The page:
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Engineers speculate existence of 2050 energy tower

<p>Gregory Kiss, a founding partner of Kiss+Cathcart Architects, speaks about the design of the “2050 tower,” a hypothetical 150-story structure that supplies its own energy.</p>

Gregory Kiss, a founding partner of Kiss+Cathcart Architects, speaks about the design of the “2050 tower,” a hypothetical 150-story structure that supplies its own energy.

At first, it sounds like a dream: A 150-story tower that produces its own energy and treats and reuses its own water and waste. That is exactly what the “2050 Tower,” a hypothetical exercise in futurology, aims to be.

Organized and sponsored by the Department of Environmental Sciences at Rutgers University, the “2050 Tower” seminar took place Friday in the Environmental and Natural Resource Sciences Building on Cook campus.

This project is a study of a hypothetical environmentally friendly tower the designers speculate could exist in the year 2050. This is a follow-up to a similar study they did which was called the “2020 Tower.”

Gregory Kiss, one of the founding partners of Kiss + Cathcart Architects in Brooklyn, and Kristina Moores, an associate with Arup Engineers, were behind the design of the hypothetical structure.

The “2020 Tower” project began in the year 2001. At this time, Kiss + Cathcart had been commissioned by the National Building Museum to design it, but they went on to collaborate on the project with Arup.

Kiss and Moores said they had originally started with this project in August 2001. After 9/11, they decided to construct a building with same floor area as World Trade Center. This became the “2020 Tower.”

The new tower shares several features with the original. Both use radiant heating, both have elevators that use carbon-fiber ropes and both are 150 stories high. As far as changes go, in the new tower, Kiss and Moores have eliminated wind turbines and redone the plan in metric units.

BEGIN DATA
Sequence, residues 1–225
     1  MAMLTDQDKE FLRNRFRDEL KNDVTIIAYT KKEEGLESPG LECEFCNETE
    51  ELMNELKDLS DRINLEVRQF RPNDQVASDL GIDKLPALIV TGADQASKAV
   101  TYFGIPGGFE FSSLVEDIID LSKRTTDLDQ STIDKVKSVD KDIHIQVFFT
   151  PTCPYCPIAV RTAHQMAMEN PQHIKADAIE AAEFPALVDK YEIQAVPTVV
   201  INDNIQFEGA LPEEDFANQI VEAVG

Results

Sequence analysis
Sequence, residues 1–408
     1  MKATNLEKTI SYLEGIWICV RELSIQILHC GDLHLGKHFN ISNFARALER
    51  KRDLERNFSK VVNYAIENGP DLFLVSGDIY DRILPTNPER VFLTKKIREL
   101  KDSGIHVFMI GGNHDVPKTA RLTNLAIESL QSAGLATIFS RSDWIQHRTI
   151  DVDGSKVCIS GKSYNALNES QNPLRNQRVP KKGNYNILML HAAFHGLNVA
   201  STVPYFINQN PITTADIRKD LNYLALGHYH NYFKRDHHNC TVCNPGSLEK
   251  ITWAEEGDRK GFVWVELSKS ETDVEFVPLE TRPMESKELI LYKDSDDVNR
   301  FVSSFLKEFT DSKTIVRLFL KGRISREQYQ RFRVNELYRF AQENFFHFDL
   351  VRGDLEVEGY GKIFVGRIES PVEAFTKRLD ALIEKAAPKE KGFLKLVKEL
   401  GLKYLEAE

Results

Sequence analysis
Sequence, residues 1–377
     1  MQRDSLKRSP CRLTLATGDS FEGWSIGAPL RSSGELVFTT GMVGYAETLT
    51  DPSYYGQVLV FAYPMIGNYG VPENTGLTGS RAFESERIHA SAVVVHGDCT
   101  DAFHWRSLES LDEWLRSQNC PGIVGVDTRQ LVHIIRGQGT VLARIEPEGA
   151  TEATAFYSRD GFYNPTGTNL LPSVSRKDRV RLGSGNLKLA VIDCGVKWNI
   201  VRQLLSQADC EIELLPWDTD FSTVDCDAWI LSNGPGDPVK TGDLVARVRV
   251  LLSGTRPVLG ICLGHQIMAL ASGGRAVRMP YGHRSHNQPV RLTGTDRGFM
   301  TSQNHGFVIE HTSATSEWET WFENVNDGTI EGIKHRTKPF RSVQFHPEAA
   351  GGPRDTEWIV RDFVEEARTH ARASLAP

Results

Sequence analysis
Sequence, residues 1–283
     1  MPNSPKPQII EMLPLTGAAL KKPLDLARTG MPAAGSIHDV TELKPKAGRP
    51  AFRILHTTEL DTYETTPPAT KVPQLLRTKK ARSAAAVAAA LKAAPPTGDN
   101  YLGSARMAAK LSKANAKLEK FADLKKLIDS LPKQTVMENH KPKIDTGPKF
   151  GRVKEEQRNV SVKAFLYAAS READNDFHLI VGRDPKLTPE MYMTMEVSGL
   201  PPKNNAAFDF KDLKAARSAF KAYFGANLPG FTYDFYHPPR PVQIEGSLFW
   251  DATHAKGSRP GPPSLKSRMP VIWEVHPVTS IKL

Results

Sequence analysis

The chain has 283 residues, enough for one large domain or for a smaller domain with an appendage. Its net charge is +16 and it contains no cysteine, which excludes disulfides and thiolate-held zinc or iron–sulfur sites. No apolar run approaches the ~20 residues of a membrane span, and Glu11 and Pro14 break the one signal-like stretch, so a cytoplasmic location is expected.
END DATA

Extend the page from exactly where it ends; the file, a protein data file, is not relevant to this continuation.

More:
Another addition in the updated tower is the added waste-to-energy proposition. The new tower would generate between 0.2 to 0.5 kilograms of organic waste, per person, per day, which would be used to power the building.

Uta Krogmann, an associate professor of in the Department of Environmental Sciences at Rutgers, hosted the presentation.

“I think it went well and was of interest to a broad audience. Since the ‘2050 Tower’ is a very comprehensive project it would have been nice if we could have had more time to discuss various aspects,” said Krogmann, an extension specialist in Solid Waste Management at Rutgers.

Kyle Ligos, a Rutgers graduate student, said he found it refreshing to see the private sector work with research institutions like Rutgers.

“It was definitely a good event. I was more interested in the design aspect of it,” he said.

Dillon Swiderski, a School of Environmental and Biological Sciences third-year student, said he found the event very interesting.

“I learned a few things. I didn’t know that it was actually possible that all these things were being incorporated into the present structures and designs that are going into place right now,” he said.

Krogmann said the Department of Environmental Sciences has a seminar series every Friday throughout the entire semester.

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